Ruth Bass: Adorable baby animals retain charm year after year at Hancock Shaker Village

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RICHMOND — It's good to go to baby animals with a veteran — not a war veteran, but a veteran of the baby animals event at Hancock Shaker Village. The 12-year-old, who's been to several of these events, can make a beeline to the right entrances and the most important things to see.

Every year, the pigs take the cake. My granddaughter likes them the best, and while I don't want any at my house, they're my favorite. Piglets are funny, shoving each other out of the way when the sow lies down to let them eat and making the idiom "pig pile" come true when they are playing.

They were especially appealing this year because they were only four days old when we saw them, a litter of eight in a rainbow of colors. Some were black and white like their sizable mother, others were brown and just one was storybook pink. We had been tipped off that no pigs had been born in time for opening day but were expected by Wednesday. So, we delayed our visit until what turned out to be the best weather day of the week, and there they were, tumbling all over each other, never still.

We remembered the year the sow shook off her nursing piglets, heaved herself up and settled in a corner with her back to them. "No more," she was saying, although one piglet made an earnest attempt to climb the formidable mound that was mother — and couldn't manage it. She ignored his pestering, insisting on moments to herself, something human mothers could certainly appreciate.

It's fun to watch fearless preschoolers and others climb right in with lambs and their large, fuzzy mothers, or the goats, or calves. The famous Round Barn is perfect for not only making it easy to see the animals but also for pelting around the circle. And even when a field is added to accommodate all the cars, the barn's shape gives a crowd a lot of space. Pigs and cows are in the longer barn in inaccessible pens, but everyone can scratch the heads of the young bovines.

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It's great to be there in sunshine, as we were. Saturday's rain would have made it much less fun to get from the visitors' center across the lawn to the barns. But boardwalks go almost all the way, which is easy for strollers and nonmuddy for shoes. One tip on the parking: Unless someone is out there telling you where to go, take a chance on the paved lot, even if people are parking in the field. It's worth circling once, and you may spy someone folding a stroller by a car. It worked for us.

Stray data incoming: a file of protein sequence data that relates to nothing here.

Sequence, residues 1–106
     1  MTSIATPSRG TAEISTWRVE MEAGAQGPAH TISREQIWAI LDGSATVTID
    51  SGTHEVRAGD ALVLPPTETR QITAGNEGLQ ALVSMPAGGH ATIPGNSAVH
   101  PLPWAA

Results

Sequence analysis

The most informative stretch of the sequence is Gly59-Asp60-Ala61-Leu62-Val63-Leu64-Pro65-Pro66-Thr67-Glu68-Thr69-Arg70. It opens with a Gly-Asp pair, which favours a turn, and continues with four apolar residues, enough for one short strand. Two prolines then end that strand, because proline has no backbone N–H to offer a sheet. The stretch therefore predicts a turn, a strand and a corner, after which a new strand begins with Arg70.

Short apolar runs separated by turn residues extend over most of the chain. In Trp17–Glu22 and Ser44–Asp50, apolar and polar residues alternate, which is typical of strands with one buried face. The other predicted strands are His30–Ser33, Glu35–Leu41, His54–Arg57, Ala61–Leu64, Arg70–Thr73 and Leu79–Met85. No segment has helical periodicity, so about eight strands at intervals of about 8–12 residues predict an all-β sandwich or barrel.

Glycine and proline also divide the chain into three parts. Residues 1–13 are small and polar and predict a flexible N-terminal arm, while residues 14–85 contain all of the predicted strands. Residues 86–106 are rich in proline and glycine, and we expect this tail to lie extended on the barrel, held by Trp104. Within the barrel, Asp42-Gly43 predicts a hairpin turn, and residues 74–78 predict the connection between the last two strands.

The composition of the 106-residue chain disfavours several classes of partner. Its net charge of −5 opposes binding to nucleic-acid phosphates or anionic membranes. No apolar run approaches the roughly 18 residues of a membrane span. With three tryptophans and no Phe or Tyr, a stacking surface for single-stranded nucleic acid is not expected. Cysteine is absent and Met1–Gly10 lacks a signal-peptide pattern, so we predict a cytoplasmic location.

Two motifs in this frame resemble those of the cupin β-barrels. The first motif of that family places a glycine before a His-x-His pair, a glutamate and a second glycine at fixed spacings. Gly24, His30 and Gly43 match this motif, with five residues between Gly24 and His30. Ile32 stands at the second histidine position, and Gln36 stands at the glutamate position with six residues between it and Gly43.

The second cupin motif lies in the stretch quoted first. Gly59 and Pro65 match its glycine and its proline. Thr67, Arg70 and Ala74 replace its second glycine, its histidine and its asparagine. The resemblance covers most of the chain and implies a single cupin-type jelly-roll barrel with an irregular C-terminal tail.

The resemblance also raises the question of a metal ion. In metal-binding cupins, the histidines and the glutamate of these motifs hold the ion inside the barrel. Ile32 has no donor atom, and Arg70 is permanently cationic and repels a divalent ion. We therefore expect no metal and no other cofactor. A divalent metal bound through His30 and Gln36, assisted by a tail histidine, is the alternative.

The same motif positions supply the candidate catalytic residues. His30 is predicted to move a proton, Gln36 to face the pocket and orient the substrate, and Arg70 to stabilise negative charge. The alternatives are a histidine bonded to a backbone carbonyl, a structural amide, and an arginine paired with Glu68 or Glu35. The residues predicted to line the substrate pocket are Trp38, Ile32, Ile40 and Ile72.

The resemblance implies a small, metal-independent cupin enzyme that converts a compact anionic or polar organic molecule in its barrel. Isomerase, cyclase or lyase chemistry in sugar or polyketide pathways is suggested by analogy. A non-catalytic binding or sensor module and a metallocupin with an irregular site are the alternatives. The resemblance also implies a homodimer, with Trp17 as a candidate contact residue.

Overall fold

Our plan was piglets first, then lunch at the cafe, then back to the pigs. My lunch was beautifully arranged, a feast of little things, from olives to smoked salmon. But even though Shaker brown bread topped the menu, none of the adult offerings reflected the wonderful cooking of the Shakers — just the emphasis on local supplies. With all the dozens of kids running around, the kids' menu seemed inadequate compared to what we see elsewhere — no chicken, no pasta.

We popped in and out of a couple of buildings but didn't encounter any demonstrations of Shaker crafts. The Brick Dwelling, however, with its many furnished rooms depicting Shaker life, inspired a dozen questions from the 12-year-old about the separation of men and women to eat and to sleep, the children living dormitory-style, the odd things in the health care rooms. Some parents may be surprised to find Shaker Village has a sex education aspect as well as a religious history of a sect that was so creative in so many ways.

For instance, why do some chickens lay eggs that turn into chicks and some give us eggs to eat? Are they different kinds? So, the role of the rooster has to be explained. And why did the Shakers disappear? Uh, celibacy. No marriage, no giving birth to children. So where did the children come from? From orphanages, or families that took shelter with the Shakers. And they must have been married because they were families? Yes. And more.

When it comes to historic sites in the Berkshires, visiting Hancock with a 12-year-old definitely inspires a different set of questions from what we'd get by taking her to Naumkeag or The Mount.

Ruth Bass lives in Richmond. Her website is ruthbass.com. The opinions expressed by columnists do not necessarily reflect the views of The Berkshire Eagle.


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